Woman of all trades

DPI, GUYANA, Wednesday, November 22, 2017

Armed with the willingness and drive to launch herself into furniture making and tibisiri handcrafting, Pauline Chance, Macasema resident in the Kabakaburi community, (Region Two Pomeroon-Supenaam), is an example of an industrious woman.

Fifty-year-old, Pauline recounted that at the age of eight, her mother taught her how to make tibisiri handcraft. Tibisiri is a thin, pale, flexible fibre derived from the Ite palm, which can be woven into hammocks, bags, mats and baskets.

Pauline Chance, Macasema resident.

For Pauline, the satisfaction and pride she obtains from her crafting is something she willingly imparts to others; providing them with a skill that earns them a livelihood.

“There is a lot of young people and even the older folks who are willing to learn (tibisiri handcraft) in Macasema and because of this, I would train them in the different patterns in handcraft at the Macasema recreational centre or Kabakaburi centre as well.”

She noted, however, that despite some persons express interest, some later discontinue the classes for various reasons. However, for Pauline, the opportunity to teach others is encouragement enough to continue pursuing and honing her craft.

The Macasema resident said at this point, she is also concentrating on ways to expand the market for her bamboo furniture. Pauline explained she was taught the art of making bamboo furniture from Donrad Correia.  In 2009, Correia travelled to China for the purpose of trading, particularly in bamboo furniture. On his return, he conducted a six-month class for Pauline and other interested persons.

After investing effort and labour into her business, Pauline related she temporarily halted work after persons expressed an unwillingness to purchase the items for the price it was worth.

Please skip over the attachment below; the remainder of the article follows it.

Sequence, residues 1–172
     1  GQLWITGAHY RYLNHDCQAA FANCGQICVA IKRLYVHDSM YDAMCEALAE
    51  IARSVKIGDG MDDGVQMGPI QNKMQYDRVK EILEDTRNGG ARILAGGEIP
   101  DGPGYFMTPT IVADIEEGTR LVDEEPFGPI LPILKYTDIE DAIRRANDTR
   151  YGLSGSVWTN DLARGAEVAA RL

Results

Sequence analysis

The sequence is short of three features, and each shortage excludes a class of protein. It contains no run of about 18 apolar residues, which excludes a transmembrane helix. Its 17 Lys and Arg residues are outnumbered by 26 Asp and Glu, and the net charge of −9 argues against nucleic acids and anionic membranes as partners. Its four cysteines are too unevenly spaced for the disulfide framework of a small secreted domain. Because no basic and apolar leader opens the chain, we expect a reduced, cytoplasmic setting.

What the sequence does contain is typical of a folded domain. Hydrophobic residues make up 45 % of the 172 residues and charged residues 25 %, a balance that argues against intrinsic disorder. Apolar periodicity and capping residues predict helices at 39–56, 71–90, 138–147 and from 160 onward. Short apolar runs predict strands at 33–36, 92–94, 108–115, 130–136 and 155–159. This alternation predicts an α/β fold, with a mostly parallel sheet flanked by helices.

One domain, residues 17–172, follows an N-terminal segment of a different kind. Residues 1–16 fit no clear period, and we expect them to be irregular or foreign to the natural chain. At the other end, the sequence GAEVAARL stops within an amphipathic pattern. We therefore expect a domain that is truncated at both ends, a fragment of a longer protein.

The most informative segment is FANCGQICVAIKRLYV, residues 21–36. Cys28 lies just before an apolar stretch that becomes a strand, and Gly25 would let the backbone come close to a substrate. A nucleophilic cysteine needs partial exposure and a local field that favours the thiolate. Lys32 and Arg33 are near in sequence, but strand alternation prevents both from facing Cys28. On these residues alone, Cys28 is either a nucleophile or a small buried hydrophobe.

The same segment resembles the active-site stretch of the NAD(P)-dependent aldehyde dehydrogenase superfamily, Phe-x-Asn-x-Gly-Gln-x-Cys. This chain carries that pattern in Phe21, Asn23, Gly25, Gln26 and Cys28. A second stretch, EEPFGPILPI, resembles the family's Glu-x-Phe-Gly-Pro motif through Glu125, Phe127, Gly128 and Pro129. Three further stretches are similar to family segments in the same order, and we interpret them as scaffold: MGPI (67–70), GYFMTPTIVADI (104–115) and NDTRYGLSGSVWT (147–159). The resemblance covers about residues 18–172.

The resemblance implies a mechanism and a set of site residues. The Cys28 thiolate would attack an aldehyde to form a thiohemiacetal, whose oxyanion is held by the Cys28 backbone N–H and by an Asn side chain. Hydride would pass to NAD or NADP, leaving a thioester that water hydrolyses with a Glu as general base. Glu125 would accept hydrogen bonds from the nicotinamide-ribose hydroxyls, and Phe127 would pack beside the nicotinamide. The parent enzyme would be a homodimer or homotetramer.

Chance said, “It is really sad to know when we are in here, we do not get the price we want but when you go to the exhibition you get the price. But the exhibition is one time a year and that is in September, the heritage month. We need a market every month or every week. People are willing to work, there are a lot of women in my community willing to work the handicraft but they need more money.”

Being the diligent worker she is, Pauline has resumed her bamboo furniture crafting, as persons have begun to place orders again.  She did highlight that her venture does come with its challenges. She is presently sourcing borax or boric acid which is used for curing bamboo and which is both effective and more environmentally friendly. The cost of the chemical is prohibitive and this has slowed down operations since Pauline is unable to obtain funds to purchase the acid.

Chance is determined that her venture must continue and is appealing for government support to aid her community in expanding the business thereby providing employment for other residents.

The Macasema resident also highlighted that she also farms and produces cassareep, cassava bread, ‘fly’, piwari and casiri.  A true Jill of all Trades

 

By: Neola Damon

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